Compared to stimulant and opiate drugs, psychedelics carry a low potential for addiction. When used on a regular basis, the potential for addiction is there, though full-blown addiction takes considerably longer than with other drug types. The same conditions apply in cases where LSD abuse becomes a regular practice.
LSD, a long-time psychedelic, pretty much sets the standard for all drugs in its class. Hallucinations, and a distinct disconnect from reality best characterizes an LSD “high.” Even though psychedelics carry a low addiction risk, LSD abuse can bring on long-term health risks long before addiction takes hold.
Psychedelic drugs are best known for their ability to distort reality and bring on hallucinations. As part of a larger class of drugs known as hallucinogens, two main characteristics apply for all psychedelic drugs:
- All affect the brain’s cognitive and perception functions
- Each drug has a cross-tolerance effect
When ingested, psychedelics cause the brain to secrete massive amounts of dopamine and serotonin, which are both essential neurotransmitter chemicals. These chemical effects alter the areas of the brain responsible for cognition and perception, which accounts for why users “disconnect” from reality when using the drug. The cross-tolerance effect has to do with the addictive potential of psychedelics as a group, meaning regular use of any one drug will increase a person’s tolerance level for any other type of psychedelic.
LSD, also known as lysergic acid diethylamide, is a synthetic drug that’s known to produce unpredictable effects from dose to dose. According to Brown University Health Education, the cross-tolerance effects of LSD make a person less sensitive to the effects of the drug. In the process, users must take increasingly higher doses to experience the same desired drug effect. This tolerance effect accounts for many of the long-term health risks caused by LSD abuse.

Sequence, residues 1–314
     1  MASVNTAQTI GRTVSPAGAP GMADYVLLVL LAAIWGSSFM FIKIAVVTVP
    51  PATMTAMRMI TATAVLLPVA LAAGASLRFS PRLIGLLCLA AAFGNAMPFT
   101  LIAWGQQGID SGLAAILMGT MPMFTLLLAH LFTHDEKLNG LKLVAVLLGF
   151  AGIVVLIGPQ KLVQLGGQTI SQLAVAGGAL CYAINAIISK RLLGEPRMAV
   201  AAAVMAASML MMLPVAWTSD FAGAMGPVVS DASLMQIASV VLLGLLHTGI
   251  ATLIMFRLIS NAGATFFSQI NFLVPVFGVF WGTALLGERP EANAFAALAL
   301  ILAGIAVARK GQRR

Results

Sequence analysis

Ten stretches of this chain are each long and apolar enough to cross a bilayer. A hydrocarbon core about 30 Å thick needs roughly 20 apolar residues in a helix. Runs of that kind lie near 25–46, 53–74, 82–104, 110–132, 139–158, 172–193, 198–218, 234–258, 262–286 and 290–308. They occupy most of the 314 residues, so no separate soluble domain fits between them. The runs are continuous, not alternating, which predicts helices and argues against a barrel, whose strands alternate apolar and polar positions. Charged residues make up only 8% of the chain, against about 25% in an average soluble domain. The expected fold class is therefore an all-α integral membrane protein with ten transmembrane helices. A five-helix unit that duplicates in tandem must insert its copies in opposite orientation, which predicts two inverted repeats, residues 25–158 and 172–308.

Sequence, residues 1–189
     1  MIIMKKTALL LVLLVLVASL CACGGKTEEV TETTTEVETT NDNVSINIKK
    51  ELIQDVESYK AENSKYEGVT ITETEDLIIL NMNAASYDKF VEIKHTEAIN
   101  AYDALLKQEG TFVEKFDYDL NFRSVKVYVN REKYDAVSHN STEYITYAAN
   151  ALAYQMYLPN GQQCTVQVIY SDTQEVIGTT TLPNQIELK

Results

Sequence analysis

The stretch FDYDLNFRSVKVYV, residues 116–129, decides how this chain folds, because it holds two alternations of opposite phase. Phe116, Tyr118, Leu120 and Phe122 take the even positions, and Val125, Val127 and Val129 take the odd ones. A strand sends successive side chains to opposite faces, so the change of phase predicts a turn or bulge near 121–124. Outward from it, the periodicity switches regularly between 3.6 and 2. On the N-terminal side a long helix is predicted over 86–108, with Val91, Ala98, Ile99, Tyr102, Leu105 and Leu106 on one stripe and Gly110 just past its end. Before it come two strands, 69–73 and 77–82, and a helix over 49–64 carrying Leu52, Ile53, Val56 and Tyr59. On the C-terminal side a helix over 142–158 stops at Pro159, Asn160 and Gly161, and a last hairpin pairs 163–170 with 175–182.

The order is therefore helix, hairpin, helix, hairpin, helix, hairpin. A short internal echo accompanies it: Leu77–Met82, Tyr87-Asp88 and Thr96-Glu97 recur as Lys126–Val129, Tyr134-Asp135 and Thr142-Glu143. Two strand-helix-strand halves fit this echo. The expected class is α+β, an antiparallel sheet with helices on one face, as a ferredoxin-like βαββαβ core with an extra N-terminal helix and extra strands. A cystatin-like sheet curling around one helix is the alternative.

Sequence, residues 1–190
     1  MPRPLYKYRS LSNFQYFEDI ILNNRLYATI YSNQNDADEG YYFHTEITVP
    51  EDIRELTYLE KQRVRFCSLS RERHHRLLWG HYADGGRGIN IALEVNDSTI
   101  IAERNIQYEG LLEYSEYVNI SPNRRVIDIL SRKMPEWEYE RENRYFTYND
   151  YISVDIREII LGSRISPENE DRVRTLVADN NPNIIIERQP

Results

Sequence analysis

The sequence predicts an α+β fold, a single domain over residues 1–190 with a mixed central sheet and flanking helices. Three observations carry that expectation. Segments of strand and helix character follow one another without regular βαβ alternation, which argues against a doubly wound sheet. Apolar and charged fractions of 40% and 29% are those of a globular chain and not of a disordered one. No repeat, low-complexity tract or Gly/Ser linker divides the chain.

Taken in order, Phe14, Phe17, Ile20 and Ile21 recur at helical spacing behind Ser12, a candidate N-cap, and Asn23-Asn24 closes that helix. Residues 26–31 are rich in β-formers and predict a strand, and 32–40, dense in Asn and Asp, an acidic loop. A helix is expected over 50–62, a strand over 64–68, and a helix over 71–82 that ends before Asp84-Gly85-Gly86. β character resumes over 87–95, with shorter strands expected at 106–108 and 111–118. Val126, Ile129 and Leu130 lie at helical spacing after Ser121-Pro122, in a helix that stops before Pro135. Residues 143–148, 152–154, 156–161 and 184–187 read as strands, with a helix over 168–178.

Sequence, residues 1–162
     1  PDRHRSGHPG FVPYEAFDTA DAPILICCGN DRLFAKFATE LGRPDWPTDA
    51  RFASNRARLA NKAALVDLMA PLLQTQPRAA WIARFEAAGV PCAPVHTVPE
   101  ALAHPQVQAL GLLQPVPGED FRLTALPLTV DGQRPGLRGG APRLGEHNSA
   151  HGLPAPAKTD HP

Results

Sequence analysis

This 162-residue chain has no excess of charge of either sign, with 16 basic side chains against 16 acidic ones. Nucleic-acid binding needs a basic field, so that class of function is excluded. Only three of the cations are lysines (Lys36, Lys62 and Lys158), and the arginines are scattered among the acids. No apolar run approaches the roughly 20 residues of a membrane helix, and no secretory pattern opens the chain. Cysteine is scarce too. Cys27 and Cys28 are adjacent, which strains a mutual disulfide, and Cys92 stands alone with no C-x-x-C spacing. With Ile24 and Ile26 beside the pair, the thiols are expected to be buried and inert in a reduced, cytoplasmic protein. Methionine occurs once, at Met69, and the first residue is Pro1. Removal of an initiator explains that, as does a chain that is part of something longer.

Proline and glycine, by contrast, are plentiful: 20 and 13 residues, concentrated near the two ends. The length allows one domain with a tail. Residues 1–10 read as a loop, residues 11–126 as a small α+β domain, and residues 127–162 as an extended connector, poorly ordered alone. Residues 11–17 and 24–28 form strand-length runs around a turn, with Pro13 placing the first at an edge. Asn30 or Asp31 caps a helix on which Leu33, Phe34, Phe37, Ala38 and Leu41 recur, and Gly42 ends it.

Long-Term Effects of LSD Abuse
On average, the initial effects from LSD gradually wear off within a 12-hour period. During this 12-hour period, the brain continues to secrete high levels of neurotransmitter chemicals.
Ongoing LSD abuse can cause a person to experience sudden flashbacks for days or even months after the last dose. Flashbacks may be from childhood or from hallucinations had when using.
Other long-term effects from LSD abuse include:
- Persistent feelings of anxiety
- Depression symptoms
- Distorted sense of time
- Violent behavior displays
- Mood swings
Indirect Long-Term Effects
The indirect long-term effects of LSD abuse closely resemble those caused by drug abuse in general, some of which include:
- Drug-induced violence that results in harm to self or others
- Relationship problems
- Inability to cope with everyday life
- Risk of contracting sexually-transmitted diseases
Dangerous effects associated with LSD abuse have more to do with the types of behaviors users engage in when “tripping.” Users have been known to feel as if they could fly, leading to actual attempts to fly. Similar dissociative effects from LSD can place a person in any number of dangerous situations as well as endangering those around him or her.